NASA’s MAVEN Spacecraft Astounds with Ultraviolet Images of Mars

NASA’s MAVEN Spacecraft Astounds with Ultraviolet Images of Mars

The MAVEN (Mars Atmosphere and Volatile EvolutioN) mission of NASA captured spectacular views of Mars in two ultraviolet photos obtained at various places along Mars’ orbit around the Sun.

Scientists can obtain great insight into the Martian atmosphere and surface features by studying the planet in ultraviolet wavelengths.

These global images of Mars were captured by MAVEN’s Imaging Ultraviolet Spectrograph (IUVS) instrument in 2022 and 2023 when the planet was approaching the opposite ends of its elliptical orbit.

Outside of the visible spectrum, the IUVS device measures wavelengths between 110 and 340 nanometers. The photos are generated with the different brightness levels of three UV wavelength ranges depicted as red, green, and blue to make these wavelengths visible to the human eye and easier to interpret. Atmospheric ozone looks purple in this color scheme, whereas clouds and haze seem white or blue. Depending on how the photos have been edited to boost contrast and display detail, the surface can appear tan or green.

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NASA’s MAVEN Spacecraft Astounds with Ultraviolet Images of Mars

The first photograph was taken in July 2022, during the summer season in the southern hemisphere, when Mars is closest to the Sun. The summer season, like seasons on Earth, is caused by the tilt of the planet’s rotational axis. At the bottom left, Argyre Basin, one of Mars’ deepest craters, is filled with air haze (seen here in pale pink). At the top left, the deep canyons of Valles Marineris are loaded with clouds (colored tan in this view). The southern polar ice cover, shown in white at the bottom, is receding due to the relative warmth of summer. Warming and dust storms in the southern summer send water vapor to very high altitudes, explaining MAVEN’s discovery of increased hydrogen loss from Mars at this time of year.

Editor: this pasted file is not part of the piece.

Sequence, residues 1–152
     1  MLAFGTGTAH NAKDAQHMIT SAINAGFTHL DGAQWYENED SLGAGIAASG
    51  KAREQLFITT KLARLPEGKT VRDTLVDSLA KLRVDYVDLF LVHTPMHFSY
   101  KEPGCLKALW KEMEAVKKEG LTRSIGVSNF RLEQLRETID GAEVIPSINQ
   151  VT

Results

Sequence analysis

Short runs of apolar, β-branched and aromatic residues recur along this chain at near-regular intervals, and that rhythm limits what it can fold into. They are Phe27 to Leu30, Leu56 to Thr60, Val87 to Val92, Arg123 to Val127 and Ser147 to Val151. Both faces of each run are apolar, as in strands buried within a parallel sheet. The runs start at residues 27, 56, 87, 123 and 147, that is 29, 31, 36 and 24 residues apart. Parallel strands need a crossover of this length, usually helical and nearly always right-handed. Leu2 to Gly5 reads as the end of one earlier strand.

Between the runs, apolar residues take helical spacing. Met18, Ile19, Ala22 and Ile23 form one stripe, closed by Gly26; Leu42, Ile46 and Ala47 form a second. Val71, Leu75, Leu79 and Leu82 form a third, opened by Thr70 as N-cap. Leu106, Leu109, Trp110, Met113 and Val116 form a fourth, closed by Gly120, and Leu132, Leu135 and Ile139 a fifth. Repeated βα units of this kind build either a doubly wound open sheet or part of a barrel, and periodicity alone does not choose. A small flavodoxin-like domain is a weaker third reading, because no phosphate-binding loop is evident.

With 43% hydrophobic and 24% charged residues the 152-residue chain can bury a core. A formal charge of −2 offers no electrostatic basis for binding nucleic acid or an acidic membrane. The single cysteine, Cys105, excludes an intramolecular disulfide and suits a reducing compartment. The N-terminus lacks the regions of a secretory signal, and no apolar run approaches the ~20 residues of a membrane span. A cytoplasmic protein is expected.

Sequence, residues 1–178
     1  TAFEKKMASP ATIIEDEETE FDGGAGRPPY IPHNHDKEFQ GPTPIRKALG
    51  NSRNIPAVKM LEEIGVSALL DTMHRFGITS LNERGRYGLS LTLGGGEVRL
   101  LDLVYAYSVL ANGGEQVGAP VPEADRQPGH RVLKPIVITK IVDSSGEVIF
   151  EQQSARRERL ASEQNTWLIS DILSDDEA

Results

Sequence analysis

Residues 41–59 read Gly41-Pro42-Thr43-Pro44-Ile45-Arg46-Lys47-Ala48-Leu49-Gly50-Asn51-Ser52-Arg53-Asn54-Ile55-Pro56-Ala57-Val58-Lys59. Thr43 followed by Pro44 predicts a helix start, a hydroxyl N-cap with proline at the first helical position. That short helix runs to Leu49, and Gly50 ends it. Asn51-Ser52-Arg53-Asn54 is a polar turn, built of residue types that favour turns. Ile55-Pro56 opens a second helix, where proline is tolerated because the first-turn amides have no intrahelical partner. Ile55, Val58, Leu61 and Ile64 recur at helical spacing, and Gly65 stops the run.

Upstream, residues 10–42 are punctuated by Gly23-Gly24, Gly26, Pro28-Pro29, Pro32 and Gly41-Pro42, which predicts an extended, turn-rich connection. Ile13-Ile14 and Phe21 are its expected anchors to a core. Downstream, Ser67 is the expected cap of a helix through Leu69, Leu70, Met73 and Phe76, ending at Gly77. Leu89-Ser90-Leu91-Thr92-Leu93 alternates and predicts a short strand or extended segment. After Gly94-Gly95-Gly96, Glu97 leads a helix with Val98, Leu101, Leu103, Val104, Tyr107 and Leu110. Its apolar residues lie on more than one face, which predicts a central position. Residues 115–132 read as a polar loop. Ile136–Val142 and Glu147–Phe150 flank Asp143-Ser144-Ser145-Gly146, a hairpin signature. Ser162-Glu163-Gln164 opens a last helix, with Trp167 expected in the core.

The second image is of Mars’ northern hemisphere, and it was obtained in January 2023, after Mars had crossed the point in its orbit where it was the furthest away from the Sun. White clouds are abundant in the north-polar region due to the fast-changing seasons. The deep canyons of Valles Marineris, as well as numerous craters, may be seen in the lower left. Ozone, which appears magenta in this UV picture, has accumulated throughout the cold frigid nights of the northern winter. It is then eliminated in northern spring by chemical interactions with water vapor, which at this time of year is restricted to low altitudes of the sky.

MAVEN was launched in November 2013 and arrived in orbit around Mars in September 2014. The purpose of the mission is to investigate the planet’s upper atmosphere, ionosphere, and interactions with the Sun and solar wind in order to investigate the loss of the Martian atmosphere to space. Understanding atmospheric loss provides scientists with information about Mars’ atmosphere and climate, liquid water, and planetary habitability. In September 2024, the MAVEN team will commemorate the spacecraft’s tenth year on Mars.

MAVEN’s primary investigator is based at the University of California, Berkeley, and the mission is managed by NASA’s Goddard Space Flight Center in Greenbelt, Maryland. The spacecraft was built by Lockheed Martin Space, which is also in charge of mission operations. Navigation and Deep Space Network support are provided by NASA’s Jet Propulsion Laboratory in Southern California. The University of Colorado Boulder’s Laboratory for Atmospheric and Space Physics is in charge of science operations as well as public outreach and communications.